The Star Alliance was founded on the premise of a consensus driven business model. The culture presented both distinct benefits and deficiencies. The most obvious benefit being each member had a voice in establishing or altering overarching strategic visions for the alliance. The most obvious deficiency was the length of time it took to get total buy into a new idea. In theory, this seems like a great idea to get everyone’s buy-in before finalizing directives but the logistics behind this approach would make me skeptical from the start. A consensus driven model across 3 or 4 organizations might make sense in certain situations but a 14 member alliance seems as though it would a futile exercise. The alliance has greatly improved their buy-in process over the years but it was not without some pain and compromise along the way.
A great quote that caught my attention and spoke volumes about the cultural process was that of Doreen Riley, a marketing coordinator for Air Canada . “It felt like (the movie) Groundhog Day. For the launch, we wanted an ad that would be simple, easy but with strong impact. We’d get everyone’s approval one day, but it would all change the next. And then we’d start for scratch.”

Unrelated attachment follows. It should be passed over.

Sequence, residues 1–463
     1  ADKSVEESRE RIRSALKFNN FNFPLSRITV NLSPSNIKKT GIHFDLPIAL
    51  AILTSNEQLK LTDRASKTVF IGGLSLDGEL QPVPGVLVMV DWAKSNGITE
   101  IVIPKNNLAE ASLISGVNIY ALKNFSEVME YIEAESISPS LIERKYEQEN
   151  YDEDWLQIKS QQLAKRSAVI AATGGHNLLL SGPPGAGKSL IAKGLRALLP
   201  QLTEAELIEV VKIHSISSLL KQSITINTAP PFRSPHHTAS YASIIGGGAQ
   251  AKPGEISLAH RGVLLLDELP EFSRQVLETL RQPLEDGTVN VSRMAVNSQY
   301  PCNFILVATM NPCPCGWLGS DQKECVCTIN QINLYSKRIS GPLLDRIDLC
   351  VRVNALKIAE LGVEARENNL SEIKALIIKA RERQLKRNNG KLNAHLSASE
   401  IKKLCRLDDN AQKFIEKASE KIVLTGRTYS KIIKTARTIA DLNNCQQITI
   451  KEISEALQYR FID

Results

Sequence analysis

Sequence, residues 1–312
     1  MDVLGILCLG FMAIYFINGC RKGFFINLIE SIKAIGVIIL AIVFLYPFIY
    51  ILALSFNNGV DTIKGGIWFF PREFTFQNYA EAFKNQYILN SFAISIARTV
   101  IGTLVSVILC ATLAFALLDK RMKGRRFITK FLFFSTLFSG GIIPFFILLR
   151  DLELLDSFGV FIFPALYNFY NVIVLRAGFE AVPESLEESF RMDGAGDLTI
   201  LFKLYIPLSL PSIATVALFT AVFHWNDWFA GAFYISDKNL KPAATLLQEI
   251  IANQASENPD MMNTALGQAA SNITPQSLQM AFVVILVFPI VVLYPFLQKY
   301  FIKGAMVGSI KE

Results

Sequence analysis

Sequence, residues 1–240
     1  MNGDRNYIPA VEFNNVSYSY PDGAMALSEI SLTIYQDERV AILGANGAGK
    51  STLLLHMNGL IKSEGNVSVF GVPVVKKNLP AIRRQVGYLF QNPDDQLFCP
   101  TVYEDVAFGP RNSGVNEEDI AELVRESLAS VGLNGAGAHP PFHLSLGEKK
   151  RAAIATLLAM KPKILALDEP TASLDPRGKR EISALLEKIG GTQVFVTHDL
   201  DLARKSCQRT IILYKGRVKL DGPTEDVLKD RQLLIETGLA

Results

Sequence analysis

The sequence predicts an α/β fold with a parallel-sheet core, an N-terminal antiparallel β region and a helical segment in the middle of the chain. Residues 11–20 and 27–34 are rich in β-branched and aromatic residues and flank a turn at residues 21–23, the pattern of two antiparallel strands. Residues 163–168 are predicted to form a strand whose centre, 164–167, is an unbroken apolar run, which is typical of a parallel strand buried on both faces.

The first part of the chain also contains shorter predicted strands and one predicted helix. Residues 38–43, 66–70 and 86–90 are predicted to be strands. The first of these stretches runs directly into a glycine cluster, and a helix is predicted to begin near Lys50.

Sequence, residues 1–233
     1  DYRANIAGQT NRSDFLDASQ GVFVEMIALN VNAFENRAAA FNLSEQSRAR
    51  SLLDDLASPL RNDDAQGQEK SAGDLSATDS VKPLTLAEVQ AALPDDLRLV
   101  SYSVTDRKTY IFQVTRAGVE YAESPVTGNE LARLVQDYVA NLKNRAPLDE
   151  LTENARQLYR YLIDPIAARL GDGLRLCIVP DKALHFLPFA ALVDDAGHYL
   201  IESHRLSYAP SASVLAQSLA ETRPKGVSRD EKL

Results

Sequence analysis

This was only one of many similar quotes from alliance members. The process was a bit convoluted but necessary from a leadership perspective. Every member had their own initiatives whose feedback was vital in reaching one common resolution. Compromise and sensitivity were common themes that were vigorously developed in order to enhance the alliances member wide buy-in culture.
Coping with Crisis
It is said that the greatest challenge any organization can face is an inconceivable disaster that relates directly to ones industry. There’s no roadmap or guideline that would assist in coping or adjusting to such a disaster. There is, quite simply, only so much preparation that can be done to account for the endless number of disaster variables. One of our most catastrophic events of our time, 9/11, would test the Star Alliance business model and push its boundaries to the limit.